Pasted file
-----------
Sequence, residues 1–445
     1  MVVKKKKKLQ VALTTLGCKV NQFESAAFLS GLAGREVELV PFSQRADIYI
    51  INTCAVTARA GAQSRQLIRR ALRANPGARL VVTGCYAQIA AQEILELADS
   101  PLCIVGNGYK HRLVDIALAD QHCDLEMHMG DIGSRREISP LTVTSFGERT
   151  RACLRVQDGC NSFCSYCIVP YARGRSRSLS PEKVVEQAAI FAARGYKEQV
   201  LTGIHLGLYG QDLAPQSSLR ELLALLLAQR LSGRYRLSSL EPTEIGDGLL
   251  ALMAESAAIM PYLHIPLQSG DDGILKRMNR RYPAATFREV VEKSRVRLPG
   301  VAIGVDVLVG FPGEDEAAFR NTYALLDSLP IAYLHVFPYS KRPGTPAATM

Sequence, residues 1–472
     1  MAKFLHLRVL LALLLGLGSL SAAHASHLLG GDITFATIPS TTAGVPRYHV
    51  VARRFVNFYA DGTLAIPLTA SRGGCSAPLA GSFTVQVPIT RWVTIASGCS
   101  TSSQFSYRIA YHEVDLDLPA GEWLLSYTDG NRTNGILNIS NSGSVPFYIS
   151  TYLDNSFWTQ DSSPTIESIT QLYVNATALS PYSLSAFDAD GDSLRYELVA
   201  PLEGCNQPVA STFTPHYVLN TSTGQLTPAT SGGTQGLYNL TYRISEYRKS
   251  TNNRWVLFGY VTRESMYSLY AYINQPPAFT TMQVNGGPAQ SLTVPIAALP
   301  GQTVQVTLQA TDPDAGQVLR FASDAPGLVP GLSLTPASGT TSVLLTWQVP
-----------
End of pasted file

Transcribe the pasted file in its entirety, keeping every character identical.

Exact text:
Sequence, residues 1–445
     1  MVVKKKKKLQ VALTTLGCKV NQFESAAFLS GLAGREVELV PFSQRADIYI
    51  INTCAVTARA GAQSRQLIRR ALRANPGARL VVTGCYAQIA AQEILELADS
   101  PLCIVGNGYK HRLVDIALAD QHCDLEMHMG DIGSRREISP LTVTSFGERT
   151  RACLRVQDGC NSFCSYCIVP YARGRSRSLS PEKVVEQAAI FAARGYKEQV
   201  LTGIHLGLYG QDLAPQSSLR ELLALLLAQR LSGRYRLSSL EPTEIGDGLL
   251  ALMAESAAIM PYLHIPLQSG DDGILKRMNR RYPAATFREV VEKSRVRLPG
   301  VAIGVDVLVG FPGEDEAAFR NTYALLDSLP IAYLHVFPYS KRPGTPAATM

Sequence, residues 1–472
     1  MAKFLHLRVL LALLLGLGSL SAAHASHLLG GDITFATIPS TTAGVPRYHV
    51  VARRFVNFYA DGTLAIPLTA SRGGCSAPLA GSFTVQVPIT RWVTIASGCS
   101  TSSQFSYRIA YHEVDLDLPA GEWLLSYTDG NRTNGILNIS NSGSVPFYIS
   151  TYLDNSFWTQ DSSPTIESIT QLYVNATALS PYSLSAFDAD GDSLRYELVA
   201  PLEGCNQPVA STFTPHYVLN TSTGQLTPAT SGGTQGLYNL TYRISEYRKS
   251  TNNRWVLFGY VTRESMYSLY AYINQPPAFT TMQVNGGPAQ SLTVPIAALP
   301  GQTVQVTLQA TDPDAGQVLR FASDAPGLVP GLSLTPASGT TSVLLTWQVP